For 458 reviews, this critic has graded:
  • 60% higher than the average critic
  • 3% same as the average critic
  • 37% lower than the average critic
On average, this critic grades 0.9 points higher than other critics. (0-100 point scale)

Roger Moore's Scores

  • Movies
Average review score: 60
Highest review score: 100 Belle
Lowest review score: 25 InAPPropriate Comedy
Score distribution:
  1. Negative: 74 out of 458
458 movie reviews
    • 83 Metascore
    • 100 Roger Moore
    56 Up feels like the most hopeful film of them all - amusing, entertaining, and touching.
    • 97 Metascore
    • 100 Roger Moore
    McQueen and his stellar cast take us on a difficult journey, an odyssey that will make you want to avert your eyes. It is to their great credit that we don’t.
    • 84 Metascore
    • 100 Roger Moore
    Dallas Buyers Club is one of the best pictures of the year.
    • 86 Metascore
    • 100 Roger Moore
    And Dern, a great character actor who made his mark opposite everyone from Redford and John Wayne to Jane Fonda, embraces the roll of a lifetime.
    • 64 Metascore
    • 100 Roger Moore
    Beautifully cast, touchingly played and handsomely mounted, Belle is as close to perfect as any costumed romance has a right to be.
    • 100 Metascore
    • 100 Roger Moore
    Richard Linklater’s Boyhood is an amazing achievement in telling an unremarkably remarkable life story.
    • 91 Metascore
    • 88 Roger Moore
    Using archival footage, inventive animated recreations of incidents and chilling aerial smart-bomb views of air strikes as they happen, Moreh creates a simple yet elegantly damning film.
    • 60 Metascore
    • 88 Roger Moore
    The dialogue is hard-bitten and Mamet-sharp.
    • 74 Metascore
    • 88 Roger Moore
    Young Onata Aprile makes Maisie a passive wonder, a sweetly poker-faced, nonjudgmental and hopeful child, even as she’s being ditched at bars, forgotten at school or passed back and forth like a prize, or a bad penny.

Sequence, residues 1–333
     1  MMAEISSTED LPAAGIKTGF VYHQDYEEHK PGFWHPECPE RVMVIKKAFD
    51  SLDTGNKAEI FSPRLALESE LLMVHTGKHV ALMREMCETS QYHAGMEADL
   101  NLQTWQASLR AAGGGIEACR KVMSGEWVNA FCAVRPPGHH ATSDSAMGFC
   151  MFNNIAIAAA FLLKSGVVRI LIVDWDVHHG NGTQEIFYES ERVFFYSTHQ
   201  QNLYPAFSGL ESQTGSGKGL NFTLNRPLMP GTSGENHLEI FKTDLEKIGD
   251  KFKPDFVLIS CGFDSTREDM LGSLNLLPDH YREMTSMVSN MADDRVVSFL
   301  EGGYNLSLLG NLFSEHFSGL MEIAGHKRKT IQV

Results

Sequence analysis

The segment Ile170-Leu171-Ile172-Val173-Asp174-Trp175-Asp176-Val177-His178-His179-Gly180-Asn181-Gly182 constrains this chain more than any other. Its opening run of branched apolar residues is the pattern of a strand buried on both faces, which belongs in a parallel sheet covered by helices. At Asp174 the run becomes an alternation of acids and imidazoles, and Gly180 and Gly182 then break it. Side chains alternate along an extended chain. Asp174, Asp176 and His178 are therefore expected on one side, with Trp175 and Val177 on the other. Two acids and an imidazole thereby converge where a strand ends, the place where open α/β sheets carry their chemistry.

• 66 Metascore
    • 88 Roger Moore
    As with her best films, Coppola is utterly at ease in this milieu and it shows.
    • 74 Metascore
    • 88 Roger Moore
    Doueiri has brilliantly and simply put a compassionate human face on a part of the world where ethnicity still trumps education, class and achievement, where even the successful face, at best, second-class citizenship in their own country.
    • 62 Metascore
    • 88 Roger Moore
    The funniest kids’ cartoon of the summer.
    • 76 Metascore
    • 88 Roger Moore
    It’s a pretty conventional “Lifetime Original Movie” sort of story. But co-writer/director Thomas Vinterberg (“Dear Wendy”) makes it work by building a sense of frustrating unease into it all.
    • 83 Metascore
    • 88 Roger Moore
    This is as thorough a take-down of a business and its practices as you’re likely to ever see.
    • 85 Metascore
    • 88 Roger Moore
    Michael B. Jordan (“Red Tails”) is never less than riveting as Oscar, and he has to be.
    • 82 Metascore
    • 88 Roger Moore
    Witty, warm and wistful and in just the right proportions, Spectacular is the best-acted film of the summer.
    • 75 Metascore
    • 88 Roger Moore
    A fine and fun film tribute to the milieu, the men, women and machines in a sport that was never deadlier or more glamorous than its Disco Decade incarnation.
    • 96 Metascore
    • 88 Roger Moore
    Bullock and Clooney make their peril our peril in this absolutely gorgeous, moving and sometimes exultant reminder that the real terrors of space are scary enough, without invented bug-eyed monsters thrown in.
    • 75 Metascore
    • 88 Roger Moore
    To fans who know the tunes by heart, hearing their history is never less than thrilling. And if you’ve heard that line about “Swampers” and never new who they were, you should. They have been known to pick a song or two.
    • 83 Metascore
    • 88 Roger Moore
    The performances and Greengrass’s way with action immerse us and make Captain Phillips a tight, taut,edge of your seat thriller even if you remember the ending.
    • 87 Metascore
    • 88 Roger Moore
    This solo ordeal won’t be to every taste, but All Is Lost is a grand vehicle for the actor and for that viewer ready to consider his or her own mortality, the problems, conflicts, strengths and shortcomings you’re sure you leave behind when you just sail away.
    • 76 Metascore